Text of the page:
posted by twoleftfeet at 4:37 PM on November 21, 2011


Without fail, Western ex-pats in Asia think they are ten time more clever/charming/intelligent/talented than they actually are.
posted by bardic at 4:50 PM on November 21, 2011 [2 favorites]


Well, at least those who post youtube videos do.
posted by Tell Me No Lies at 4:51 PM on November 21, 2011


I am ten times more clever and talented than I actually am.

This Jeremy guy, though, he needs a swift kick in the nuts.
posted by stavrosthewonderchicken at 5:07 PM on November 21, 2011 [2 favorites]


My mind started to wander about how this style would work in quantum or math class ... but the abuse actually pulled me back every time.

I guess I'll have to search back issues of Psychology Today to find out what lame-brain theories apply to this experience.

A- because he's just sipping that beer.
posted by Twang at 5:39 PM on November 21, 2011


I was perfectly prepared to dislike and not be amused by the disconnected-looking young man using sexist slurs, but when he berated the audience about having a notebook and not using it for other things, then kept popping up into frame like a wall-eyed shark, I must confess I giggled a lot.

AH EE OO EH OH
posted by winna at 5:42 PM on November 21, 2011


I have notebook AND IT IS FULL OF VOWELS. Evidently I need swearing at.

i have a paper to write tomorrow.Maybe I can put up an Ask and get swears all day long. Yay/woo.
posted by aesop at 5:51 PM on November 21, 2011


oh hey I've met guys like this

I don't spend time around them when an alternative option of any sort is available
posted by DoctorFedora at 5:52 PM on November 21, 2011


This bit about white guys being the only people who drink excessively in Japan is completely absurd. I took a day off yesterday, and on the way back from an amusement park at the foot of Mt. Fuji, at about 9 PM in Shibuya, I saw a salaryman vomit all over himself, people next to him, and the platform. Dumb bastard almost fell over onto the tracks. On a MONDAY NIGHT.
People in Asia drink hard. It's not just white people, it's not just Japan, and really, it's probably not even just Asia. Anyone here familiar with the Russians? They have something of a notoriety too.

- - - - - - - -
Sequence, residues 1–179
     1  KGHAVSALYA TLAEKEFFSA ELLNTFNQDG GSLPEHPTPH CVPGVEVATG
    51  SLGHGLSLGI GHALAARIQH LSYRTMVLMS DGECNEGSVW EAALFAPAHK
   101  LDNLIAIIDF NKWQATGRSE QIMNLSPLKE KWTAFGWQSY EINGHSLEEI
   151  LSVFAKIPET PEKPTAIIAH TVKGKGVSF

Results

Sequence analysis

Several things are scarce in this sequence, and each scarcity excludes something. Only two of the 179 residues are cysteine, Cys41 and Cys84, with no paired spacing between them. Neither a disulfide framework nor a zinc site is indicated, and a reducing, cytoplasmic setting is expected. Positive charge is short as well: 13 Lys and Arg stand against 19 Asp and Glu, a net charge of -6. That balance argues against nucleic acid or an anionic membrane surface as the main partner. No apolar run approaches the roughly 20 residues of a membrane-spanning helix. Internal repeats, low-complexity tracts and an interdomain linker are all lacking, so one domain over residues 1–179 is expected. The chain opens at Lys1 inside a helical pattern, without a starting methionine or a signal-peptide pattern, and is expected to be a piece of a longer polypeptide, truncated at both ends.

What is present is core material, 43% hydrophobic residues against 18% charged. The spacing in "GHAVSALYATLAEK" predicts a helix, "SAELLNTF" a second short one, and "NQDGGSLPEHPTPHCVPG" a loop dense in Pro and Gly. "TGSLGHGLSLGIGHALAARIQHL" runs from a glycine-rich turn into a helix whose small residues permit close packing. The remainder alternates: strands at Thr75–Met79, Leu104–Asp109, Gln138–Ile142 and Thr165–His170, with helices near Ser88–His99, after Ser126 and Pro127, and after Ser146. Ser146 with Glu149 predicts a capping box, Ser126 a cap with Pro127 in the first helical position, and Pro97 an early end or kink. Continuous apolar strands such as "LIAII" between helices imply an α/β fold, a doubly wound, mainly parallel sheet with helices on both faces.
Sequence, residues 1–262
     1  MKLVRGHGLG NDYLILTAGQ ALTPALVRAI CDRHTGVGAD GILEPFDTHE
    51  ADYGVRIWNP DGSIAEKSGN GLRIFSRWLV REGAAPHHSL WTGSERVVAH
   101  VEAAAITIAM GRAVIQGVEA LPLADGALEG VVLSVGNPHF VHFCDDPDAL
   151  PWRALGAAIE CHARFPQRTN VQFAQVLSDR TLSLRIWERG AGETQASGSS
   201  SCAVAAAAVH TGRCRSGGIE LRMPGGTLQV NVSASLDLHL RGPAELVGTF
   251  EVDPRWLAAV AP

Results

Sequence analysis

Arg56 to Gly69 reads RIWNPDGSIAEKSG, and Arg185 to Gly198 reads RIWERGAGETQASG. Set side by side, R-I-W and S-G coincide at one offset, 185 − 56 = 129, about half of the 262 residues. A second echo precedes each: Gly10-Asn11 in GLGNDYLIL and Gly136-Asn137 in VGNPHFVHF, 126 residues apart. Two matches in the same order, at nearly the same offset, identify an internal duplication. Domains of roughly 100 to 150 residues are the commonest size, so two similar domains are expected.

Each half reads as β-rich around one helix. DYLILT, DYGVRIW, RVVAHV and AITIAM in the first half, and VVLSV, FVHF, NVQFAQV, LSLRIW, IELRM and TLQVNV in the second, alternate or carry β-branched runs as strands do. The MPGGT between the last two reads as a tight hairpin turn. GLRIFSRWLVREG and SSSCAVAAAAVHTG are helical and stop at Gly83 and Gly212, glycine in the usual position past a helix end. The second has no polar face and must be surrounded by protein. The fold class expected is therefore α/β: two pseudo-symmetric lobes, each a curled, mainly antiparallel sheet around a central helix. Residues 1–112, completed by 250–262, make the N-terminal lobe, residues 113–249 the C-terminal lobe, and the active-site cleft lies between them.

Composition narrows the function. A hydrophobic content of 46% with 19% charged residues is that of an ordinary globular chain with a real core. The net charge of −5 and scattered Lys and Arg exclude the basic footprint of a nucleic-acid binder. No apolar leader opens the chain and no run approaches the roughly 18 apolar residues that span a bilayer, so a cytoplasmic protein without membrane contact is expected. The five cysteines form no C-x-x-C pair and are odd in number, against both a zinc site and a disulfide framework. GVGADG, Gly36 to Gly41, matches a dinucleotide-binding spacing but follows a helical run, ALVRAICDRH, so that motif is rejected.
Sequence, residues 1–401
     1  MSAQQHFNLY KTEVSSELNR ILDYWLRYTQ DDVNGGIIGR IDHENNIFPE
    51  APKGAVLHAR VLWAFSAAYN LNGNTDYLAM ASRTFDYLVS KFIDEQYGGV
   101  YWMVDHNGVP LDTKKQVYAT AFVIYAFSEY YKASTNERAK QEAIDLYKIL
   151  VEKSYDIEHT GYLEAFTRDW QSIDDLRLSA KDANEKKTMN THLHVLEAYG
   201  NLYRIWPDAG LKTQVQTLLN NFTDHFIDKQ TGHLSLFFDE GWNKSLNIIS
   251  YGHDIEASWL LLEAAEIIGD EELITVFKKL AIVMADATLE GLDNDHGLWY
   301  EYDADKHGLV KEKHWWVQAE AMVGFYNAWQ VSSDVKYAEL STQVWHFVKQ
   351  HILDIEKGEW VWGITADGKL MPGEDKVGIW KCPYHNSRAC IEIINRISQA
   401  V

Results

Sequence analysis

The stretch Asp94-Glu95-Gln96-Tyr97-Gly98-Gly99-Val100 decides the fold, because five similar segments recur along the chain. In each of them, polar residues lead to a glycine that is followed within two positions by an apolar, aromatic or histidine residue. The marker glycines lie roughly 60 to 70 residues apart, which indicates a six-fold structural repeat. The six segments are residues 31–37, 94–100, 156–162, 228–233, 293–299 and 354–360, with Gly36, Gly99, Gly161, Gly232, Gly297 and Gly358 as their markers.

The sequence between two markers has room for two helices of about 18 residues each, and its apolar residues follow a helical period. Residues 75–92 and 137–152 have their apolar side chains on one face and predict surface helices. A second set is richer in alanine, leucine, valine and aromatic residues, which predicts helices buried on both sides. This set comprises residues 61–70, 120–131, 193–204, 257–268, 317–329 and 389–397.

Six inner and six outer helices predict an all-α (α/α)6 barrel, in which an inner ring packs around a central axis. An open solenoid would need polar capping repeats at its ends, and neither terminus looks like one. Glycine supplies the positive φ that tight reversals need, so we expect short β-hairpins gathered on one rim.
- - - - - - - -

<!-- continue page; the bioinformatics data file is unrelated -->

(note that yes, this guy is in fact such a cliche of the people I've worked with here that I almost suspect he's doing his schtick ironically)
posted by GoingToShopping at 7:55 PM on November 21, 2011 [1 favorite]


I have, as it were, a theory* about foreigners** here in Japan. Roughly speaking, most of them fit into three groups.

Group A is the short-termer, the kid fresh out of college who's in Asia because they have the chance to do it. They've got a one year contract. Maybe they'll stay for a year or two. Essentially, though, it's equivalent to the British gap year, something to do before you get serious and go back to the world. They're having a blast. They live in a culture where people don't "get" foreigners, and who, by and large, give them a lot of leeway. A lot of them are working eikawa/language school hours (classes start between 11 and 1pm, end around 8 or 9), so they don't have to get up too early. Many of them have no concept of Japan before they get here (or an entirely idealized version --Damn you, Sofia Copella), and spend their first three months here so enraptured with the country, telling everyone how wonderful it is. At about 3 months in, they start to notice things, and start complaining about things to anyone who will listen. They'll make loud, usually drunken statements that start with "Japanese people" and usually end with stupidity on the speaker's part. For Americans, the utterly blase attitude towards alcohol makes this place a paradise. You can drink anytime, anywhere. And they do. They get drunk, they act out (because no one will say anything, most of the time), and they go home after a year or two, after doing an excellent job of reinforcing the stereotype of foreigners that most Japanese people hold, that they are untrustworthy, loud, rude, and just don't get it, in the sense that it = living in a foreign culture, and not taking advantage of it.